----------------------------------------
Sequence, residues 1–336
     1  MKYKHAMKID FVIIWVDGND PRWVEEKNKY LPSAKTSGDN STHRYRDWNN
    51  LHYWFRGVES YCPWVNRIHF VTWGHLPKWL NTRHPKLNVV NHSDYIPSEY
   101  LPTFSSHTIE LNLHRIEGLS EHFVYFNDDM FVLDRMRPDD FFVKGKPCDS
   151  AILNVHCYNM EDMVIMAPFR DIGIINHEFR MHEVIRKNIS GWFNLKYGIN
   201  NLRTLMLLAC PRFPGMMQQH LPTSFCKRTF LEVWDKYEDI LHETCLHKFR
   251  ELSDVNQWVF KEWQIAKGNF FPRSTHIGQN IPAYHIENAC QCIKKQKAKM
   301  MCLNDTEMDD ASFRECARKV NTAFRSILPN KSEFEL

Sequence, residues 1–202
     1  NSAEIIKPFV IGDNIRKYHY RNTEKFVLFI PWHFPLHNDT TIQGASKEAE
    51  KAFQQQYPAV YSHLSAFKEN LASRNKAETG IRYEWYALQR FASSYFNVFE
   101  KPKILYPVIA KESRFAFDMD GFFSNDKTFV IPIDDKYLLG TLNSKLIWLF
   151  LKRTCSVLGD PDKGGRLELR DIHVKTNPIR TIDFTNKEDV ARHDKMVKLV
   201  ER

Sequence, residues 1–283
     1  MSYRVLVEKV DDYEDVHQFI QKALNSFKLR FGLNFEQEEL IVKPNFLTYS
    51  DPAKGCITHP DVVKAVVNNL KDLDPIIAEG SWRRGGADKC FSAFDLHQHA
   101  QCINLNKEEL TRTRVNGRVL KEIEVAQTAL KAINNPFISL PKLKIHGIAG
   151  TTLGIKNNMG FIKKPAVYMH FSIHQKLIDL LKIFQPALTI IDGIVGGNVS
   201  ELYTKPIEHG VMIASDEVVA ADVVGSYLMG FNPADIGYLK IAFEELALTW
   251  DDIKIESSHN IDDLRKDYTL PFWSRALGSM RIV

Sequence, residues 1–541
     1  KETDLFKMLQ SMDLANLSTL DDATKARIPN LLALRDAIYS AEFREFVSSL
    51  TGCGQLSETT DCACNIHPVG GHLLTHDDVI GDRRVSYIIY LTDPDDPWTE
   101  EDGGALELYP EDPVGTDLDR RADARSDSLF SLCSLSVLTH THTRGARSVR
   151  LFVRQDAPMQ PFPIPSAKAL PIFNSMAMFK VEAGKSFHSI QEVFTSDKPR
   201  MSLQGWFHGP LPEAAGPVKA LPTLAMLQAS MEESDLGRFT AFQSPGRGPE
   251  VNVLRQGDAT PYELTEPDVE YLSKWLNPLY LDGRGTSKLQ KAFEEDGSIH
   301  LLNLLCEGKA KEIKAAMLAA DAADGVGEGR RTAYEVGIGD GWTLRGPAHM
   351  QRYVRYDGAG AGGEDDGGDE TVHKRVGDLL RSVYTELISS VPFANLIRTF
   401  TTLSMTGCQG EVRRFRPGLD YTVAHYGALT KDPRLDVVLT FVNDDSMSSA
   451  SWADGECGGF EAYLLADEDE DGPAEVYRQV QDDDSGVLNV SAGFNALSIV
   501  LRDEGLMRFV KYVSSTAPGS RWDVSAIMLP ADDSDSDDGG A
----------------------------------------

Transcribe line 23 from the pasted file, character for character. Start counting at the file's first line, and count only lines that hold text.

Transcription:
     1  KETDLFKMLQ SMDLANLSTL DDATKARIPN LLALRDAIYS AEFREFVSSL